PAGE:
Rogue Radio Broadcasters of the Jazz Age
Publication Year: 2005
When American radio broadcasting began in the early 1920s there was a consensus among middle-class opinion makers that the airwaves must never be used for advertising. Even the national advertising industry agreed that the miraculous new medium was destined for higher cultural purposes. And yet, within a decade American broadcasting had become commercialized and has remained so ever since.
Much recent scholarship treats this unsought commercialization as a coup, imposed from above by mercenary corporations indifferent to higher public ideals. Such research has focused primarily on metropolitan stations operated by the likes of AT&T, Westinghouse, and General Electric. In American Babel, Clifford J. Doerksen provides a colorful alternative social history centered on an overlooked class of pioneer broadcaster—the independent radio stations.
Doerksen reveals that these "little" stations often commanded large and loyal working-class audiences who did not share the middle-class aversion to broadcast advertising. In urban settings, the independent stations broadcast jazz and burlesque entertainment and plugged popular songs for Tin Pan Alley publishers. In the countryside, independent stations known as "farmer stations" broadcast "hillbilly music" and old-time religion. All were unabashed in their promotional practices and paved the way toward commercialization with their innovations in programming, on-air style, advertising methods, and direct appeal to target audiences. Corporate broadcasters, who aspired to cultural gentility, were initially hostile to the populist style of the independents but ultimately followed suit in the 1930s.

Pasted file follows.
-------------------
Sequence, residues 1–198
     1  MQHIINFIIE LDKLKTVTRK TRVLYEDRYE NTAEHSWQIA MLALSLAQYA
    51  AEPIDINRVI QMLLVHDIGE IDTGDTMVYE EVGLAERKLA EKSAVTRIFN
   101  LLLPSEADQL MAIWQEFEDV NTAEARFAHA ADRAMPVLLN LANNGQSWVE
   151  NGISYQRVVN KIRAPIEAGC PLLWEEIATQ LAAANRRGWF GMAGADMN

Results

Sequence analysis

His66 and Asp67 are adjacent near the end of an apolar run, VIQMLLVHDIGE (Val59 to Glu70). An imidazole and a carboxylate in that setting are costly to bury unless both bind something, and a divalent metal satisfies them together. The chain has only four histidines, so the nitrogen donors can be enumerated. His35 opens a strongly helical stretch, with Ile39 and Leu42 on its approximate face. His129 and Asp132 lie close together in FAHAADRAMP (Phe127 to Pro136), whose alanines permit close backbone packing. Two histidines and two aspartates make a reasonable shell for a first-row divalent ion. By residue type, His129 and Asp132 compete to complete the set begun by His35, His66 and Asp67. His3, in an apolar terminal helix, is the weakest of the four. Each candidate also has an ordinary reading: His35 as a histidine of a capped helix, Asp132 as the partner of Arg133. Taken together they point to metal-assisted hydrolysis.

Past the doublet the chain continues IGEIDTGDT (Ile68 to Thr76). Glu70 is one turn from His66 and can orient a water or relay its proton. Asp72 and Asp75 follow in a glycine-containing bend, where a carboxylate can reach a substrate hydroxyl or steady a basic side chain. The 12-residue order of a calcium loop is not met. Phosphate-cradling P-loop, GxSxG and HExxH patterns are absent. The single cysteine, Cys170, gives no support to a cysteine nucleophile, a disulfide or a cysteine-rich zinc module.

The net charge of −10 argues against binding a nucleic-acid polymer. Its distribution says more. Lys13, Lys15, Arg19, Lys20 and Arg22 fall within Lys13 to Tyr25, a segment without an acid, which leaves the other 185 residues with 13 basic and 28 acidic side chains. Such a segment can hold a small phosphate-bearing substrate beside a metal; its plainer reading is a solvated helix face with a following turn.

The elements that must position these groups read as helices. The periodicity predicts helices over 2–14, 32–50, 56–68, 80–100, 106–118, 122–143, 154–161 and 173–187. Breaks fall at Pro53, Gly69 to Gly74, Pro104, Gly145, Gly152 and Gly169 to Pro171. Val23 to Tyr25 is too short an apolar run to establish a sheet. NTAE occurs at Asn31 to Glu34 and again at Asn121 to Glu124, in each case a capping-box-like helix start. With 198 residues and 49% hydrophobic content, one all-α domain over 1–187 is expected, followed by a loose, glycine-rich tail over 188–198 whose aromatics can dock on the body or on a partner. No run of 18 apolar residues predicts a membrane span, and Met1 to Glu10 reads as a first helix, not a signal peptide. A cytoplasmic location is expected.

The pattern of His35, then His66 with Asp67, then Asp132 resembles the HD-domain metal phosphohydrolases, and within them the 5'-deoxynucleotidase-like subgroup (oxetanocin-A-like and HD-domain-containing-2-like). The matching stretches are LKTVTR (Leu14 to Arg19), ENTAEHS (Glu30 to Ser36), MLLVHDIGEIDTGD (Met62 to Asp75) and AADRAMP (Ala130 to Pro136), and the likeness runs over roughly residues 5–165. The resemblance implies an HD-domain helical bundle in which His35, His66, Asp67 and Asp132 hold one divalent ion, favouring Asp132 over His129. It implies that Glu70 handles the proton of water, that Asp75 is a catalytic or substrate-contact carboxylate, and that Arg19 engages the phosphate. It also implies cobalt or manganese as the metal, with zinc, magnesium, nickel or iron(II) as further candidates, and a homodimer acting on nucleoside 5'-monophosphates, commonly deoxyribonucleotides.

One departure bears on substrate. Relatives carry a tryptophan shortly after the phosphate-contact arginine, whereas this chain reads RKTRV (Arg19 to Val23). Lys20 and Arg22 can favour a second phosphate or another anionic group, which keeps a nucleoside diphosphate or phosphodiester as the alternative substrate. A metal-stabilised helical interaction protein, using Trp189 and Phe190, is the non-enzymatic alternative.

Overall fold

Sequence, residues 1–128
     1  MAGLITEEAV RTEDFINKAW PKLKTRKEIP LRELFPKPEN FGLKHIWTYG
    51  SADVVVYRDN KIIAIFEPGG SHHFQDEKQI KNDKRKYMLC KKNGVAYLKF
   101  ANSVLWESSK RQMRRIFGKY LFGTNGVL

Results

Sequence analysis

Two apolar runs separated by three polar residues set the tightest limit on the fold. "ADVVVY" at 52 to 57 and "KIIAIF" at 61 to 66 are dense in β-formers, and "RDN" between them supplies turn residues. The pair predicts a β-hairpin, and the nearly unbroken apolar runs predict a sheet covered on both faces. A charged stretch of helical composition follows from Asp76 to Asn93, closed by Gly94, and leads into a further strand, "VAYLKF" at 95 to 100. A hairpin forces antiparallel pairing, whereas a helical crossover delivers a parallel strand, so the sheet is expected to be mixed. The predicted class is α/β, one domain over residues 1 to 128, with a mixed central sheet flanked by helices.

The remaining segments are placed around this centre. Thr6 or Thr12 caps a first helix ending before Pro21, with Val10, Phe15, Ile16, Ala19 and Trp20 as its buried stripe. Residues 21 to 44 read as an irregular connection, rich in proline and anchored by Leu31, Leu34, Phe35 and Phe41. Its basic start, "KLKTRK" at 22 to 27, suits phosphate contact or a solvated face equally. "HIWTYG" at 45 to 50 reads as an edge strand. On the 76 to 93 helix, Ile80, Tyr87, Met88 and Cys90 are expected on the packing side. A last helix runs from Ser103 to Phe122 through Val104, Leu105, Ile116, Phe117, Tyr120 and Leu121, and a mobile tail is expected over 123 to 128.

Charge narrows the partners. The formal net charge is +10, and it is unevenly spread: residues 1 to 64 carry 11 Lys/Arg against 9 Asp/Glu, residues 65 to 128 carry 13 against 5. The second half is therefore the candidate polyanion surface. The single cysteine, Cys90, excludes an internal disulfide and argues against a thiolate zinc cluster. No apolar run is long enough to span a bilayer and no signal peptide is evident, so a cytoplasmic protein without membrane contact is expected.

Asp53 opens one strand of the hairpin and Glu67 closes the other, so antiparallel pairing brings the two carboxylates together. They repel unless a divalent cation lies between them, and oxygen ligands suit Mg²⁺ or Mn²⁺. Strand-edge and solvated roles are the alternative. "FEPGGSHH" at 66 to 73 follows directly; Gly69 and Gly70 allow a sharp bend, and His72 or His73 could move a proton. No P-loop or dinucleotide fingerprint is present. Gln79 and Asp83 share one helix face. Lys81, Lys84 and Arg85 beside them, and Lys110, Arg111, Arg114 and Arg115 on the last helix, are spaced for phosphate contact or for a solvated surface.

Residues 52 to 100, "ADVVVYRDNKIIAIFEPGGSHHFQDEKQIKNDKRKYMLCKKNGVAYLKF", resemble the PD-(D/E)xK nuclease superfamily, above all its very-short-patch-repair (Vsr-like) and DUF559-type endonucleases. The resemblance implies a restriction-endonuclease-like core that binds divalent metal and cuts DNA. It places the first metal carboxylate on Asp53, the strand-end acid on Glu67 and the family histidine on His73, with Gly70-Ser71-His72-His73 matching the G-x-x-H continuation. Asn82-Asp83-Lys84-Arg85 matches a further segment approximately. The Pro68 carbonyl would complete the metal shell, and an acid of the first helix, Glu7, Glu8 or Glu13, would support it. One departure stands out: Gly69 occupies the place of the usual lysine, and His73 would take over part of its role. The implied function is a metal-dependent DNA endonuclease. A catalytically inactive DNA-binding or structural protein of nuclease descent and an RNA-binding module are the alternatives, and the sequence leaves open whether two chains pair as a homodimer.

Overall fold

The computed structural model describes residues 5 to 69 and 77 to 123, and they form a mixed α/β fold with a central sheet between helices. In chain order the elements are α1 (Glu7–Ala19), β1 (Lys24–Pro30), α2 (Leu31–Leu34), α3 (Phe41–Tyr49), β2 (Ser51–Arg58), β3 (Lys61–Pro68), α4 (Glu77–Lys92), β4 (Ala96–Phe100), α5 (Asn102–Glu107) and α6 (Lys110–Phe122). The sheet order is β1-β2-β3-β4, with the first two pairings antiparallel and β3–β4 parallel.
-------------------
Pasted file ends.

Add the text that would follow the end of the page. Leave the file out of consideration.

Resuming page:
Drawing on a rich array of archives and contemporary print sources, each chapter of American Babel looks at a particular station and the personalities behind the microphone. Doerksen presents this group of independents as an intensely colorful, perpetually interesting lot and weaves their stories into an expansive social and cultural narrative to explain more fully the rise of the commercial network system of the 1930s.
Published by: University of Pennsylvania Press
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When I began the research that led to the writing of this book, my intent was to write about border radio stations, the high-powered pirates that cropped up on the southern side of the Texas-Mexico border in the 1930s to bombard the United States and Canada with hillbilly music, fundamentalist preaching, populist politics, seedy mail-order merchandising, and advertisements for quack medical treatments. The border-blasting tradition...
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In late December 1921 a farewell reception was held in New York City for the Viennese composer Richard Strauss, who had been touring America. A novel entertainment had been arranged for the occasion: three piano rolls recorded by the composer were to be ‘‘shot from’’ the experimental transmitting station WDY, maintained by the Radio Corporation of America in nearby Roselle Park, New Jersey. At...
Chapter 1. The Education of Frank Bannister